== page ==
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Last week we were all set to announce an exciting new chapter in the history of OutNewsGlobal and tell you all about the appointment of our Senior Features Writer, Charlotte Dingle, to the post of Editor. Tragically, and as many of you will know, we received the terrible news of her sudden death, compelling us to  publish this In Memoriam article.

Our beloved Lottie, as we knew her, was thrilled about her new role and, just two days before she was taken from us, submitted this article for publication. We have thought long and hard about whether we should publish this piece, her final article, but we decided that the best way for us to honour her memory is to keep her brilliant work in the public eye. This, of course, will be the only new piece of writing we’ll be publishing but, every Friday over the coming weeks and months, we’ll be trawling the OutNewsGlobal archive and reposting some of her past work. 

Well, wow. I write this as my inaugural article as editor, following on from the inimitable Rob Harkavy, who has moved on to pastures new. In his words: “Adults! Just a reminder that if you refer to your pets as ‘fur babies’…” and I’ll leave it there. Let’s face it, readers lesbian-spectrum and non-lesbian-spectrum alike, cats are (mostly) cool. There are those times they shit in your shoes or drink your bedside glass of water but otherwise… cool. If you can’t handle them at their worst then why have them at all? However, dear reader, I have to address an important equation here: cats and lesbian/bi women = harmony = why?

I love my cat. I don’t know that we have a mother-son bond as he is, after all, from a different species, but I know I wouldn’t want to live without him. When I’ve annoyed everyone and my heart feels drained, he comes and paws at me until I wake up and pay him attention. He licks my face when licking is the last thing on my mind. He’s a terrible rascal and often in trouble but that goes for me too. I realise there are some people who don’t see cats as much more than oversized vermin – but that’s not us lesbos/bi women. We are the queens of snuggling, the queens of chaotic joy, and the queens of distressed bed sheets. We are essentially the same as cats.

Lola, 23, has been single for what she describes as “too long now”. Her cat Grace is a 12-year-old rescue cat who went through the wars before she met her – suffering neglect, physical assaults and the deaths of her kittens. “I do try and see her as a kind of flatmate but not as a replacement child,” she says. “The bond we have might seem silly to some but it’s there. And I know hand-on-heart I’d never let a girlfriend get in the way of that.”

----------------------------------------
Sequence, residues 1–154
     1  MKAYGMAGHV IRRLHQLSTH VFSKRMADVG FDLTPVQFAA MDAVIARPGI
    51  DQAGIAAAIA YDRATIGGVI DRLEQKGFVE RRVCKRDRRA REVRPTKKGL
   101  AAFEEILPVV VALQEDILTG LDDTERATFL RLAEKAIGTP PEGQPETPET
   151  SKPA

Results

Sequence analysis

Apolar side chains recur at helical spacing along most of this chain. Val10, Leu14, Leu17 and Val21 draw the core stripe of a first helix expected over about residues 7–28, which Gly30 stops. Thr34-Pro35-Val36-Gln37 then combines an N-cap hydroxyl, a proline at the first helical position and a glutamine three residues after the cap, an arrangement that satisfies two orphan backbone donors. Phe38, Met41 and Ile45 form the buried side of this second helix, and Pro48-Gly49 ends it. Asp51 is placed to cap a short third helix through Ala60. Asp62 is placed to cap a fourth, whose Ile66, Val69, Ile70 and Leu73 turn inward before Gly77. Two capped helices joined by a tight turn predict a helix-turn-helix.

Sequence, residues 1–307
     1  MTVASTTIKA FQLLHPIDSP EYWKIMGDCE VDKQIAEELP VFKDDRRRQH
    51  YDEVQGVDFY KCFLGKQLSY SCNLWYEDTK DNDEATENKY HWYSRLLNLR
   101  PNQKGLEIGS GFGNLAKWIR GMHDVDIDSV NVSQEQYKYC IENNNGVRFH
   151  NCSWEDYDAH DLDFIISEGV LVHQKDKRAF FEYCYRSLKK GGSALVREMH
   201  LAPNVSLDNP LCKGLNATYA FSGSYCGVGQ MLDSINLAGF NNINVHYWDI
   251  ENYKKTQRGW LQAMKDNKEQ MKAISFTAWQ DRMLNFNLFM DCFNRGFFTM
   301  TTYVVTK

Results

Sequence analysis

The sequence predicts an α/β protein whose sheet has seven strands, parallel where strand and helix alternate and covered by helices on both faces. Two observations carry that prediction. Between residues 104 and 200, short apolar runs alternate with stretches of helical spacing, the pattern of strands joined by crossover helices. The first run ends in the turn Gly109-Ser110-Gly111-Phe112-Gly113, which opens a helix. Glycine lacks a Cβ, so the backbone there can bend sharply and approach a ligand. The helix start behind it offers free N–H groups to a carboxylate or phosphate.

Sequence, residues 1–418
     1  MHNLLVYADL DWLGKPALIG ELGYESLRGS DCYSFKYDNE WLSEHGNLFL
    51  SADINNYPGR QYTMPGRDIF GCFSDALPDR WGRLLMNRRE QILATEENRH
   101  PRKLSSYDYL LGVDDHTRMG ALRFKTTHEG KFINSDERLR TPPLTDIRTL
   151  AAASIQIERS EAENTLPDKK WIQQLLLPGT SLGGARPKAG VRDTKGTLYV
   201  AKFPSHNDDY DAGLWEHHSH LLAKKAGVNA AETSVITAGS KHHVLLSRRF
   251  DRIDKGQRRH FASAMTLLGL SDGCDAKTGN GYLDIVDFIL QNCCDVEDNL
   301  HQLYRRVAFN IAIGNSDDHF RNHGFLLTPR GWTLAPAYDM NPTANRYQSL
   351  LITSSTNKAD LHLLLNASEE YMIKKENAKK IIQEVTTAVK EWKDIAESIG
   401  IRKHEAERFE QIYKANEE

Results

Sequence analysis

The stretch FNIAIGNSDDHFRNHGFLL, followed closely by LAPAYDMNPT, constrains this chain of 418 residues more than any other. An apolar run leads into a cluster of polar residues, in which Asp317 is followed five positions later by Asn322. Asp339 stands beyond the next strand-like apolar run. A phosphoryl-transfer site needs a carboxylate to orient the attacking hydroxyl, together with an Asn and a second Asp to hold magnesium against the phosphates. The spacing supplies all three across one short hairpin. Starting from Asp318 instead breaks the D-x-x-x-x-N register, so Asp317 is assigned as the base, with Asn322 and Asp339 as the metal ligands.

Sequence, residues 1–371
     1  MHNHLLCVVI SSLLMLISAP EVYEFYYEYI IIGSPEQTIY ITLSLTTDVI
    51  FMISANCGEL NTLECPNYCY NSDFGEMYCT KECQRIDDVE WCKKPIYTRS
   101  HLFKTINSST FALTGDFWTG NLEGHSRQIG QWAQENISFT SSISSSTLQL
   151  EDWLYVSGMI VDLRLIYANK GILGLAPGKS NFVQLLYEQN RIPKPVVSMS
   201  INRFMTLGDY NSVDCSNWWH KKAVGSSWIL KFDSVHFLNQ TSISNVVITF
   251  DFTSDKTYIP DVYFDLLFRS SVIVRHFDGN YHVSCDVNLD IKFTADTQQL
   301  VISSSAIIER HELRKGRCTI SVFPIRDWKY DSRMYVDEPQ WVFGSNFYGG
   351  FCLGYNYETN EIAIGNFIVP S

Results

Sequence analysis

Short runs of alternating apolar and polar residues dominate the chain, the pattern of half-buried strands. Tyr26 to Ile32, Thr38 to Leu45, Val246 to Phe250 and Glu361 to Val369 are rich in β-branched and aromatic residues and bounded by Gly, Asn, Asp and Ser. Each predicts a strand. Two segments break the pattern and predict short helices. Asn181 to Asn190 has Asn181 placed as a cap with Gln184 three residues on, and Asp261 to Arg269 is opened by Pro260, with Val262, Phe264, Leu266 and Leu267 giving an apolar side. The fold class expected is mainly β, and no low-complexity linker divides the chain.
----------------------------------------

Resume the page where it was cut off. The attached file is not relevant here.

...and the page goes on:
“Like women,” says Rachel, 40, “cats either want my full attention or for me to leave them alone – you can tell them they can’t have it both ways as many times as you want but they don’t understand your words (except when it suits them).” She adds: “Lesbians also tend to move in on the first date, just like cats do.” I can see what Rachel means, although you can’t really take a cat to IKEA. I hear there are Rules. Like not shitting in the aisles. Or scratching up the DIY cabinets.

“I got a girlfriend and a cat all at the same time,” says Lucy, 34. “And pretty soon we were all living together, in her flat. She said she wasn’t a cat person, but it all went remarkably well. And it still is. We remain at loggerheads about getting a dog but I may win this one.” Lucy’s girlfriend, Cathy, 41, responds: “I accept Kitty as my own, but I still want a dog.” We’ll leave it to these two to fight it out.

I realise I’m pandering to a lot of stereotypes here. The mad cat lady, the lonely lesbo looking for love… But how mad and lonely are we really? My girlfriend (thank you Lord for that one!) has a cat and we’re still going strong. It was partly the fact she has a dearly loved cat that attracted me to her in the first place. The woman who can look after a creature as impossible as the cat and still see its beauty is the woman for me. “Cats are rebels,” she says. “I’m here, I’m a cat, get used to it.”We could reduce ourselves to crass jokes at such a point, but I’ll leave you with a quote from Leah Raeder’s Black Iris: “Girls love each other like animals. There is something ferocious and unself-conscious about it. We don’t guard ourselves like we do with boys. No one trains us to shield our hearts from each other. With girls, it’s total vulnerability from the beginning. Our skin is bare and soft. We love with claws and teeth and the blood is just proof of how much. It’s feral. And it’s relentless.”

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Charlotte Dingle

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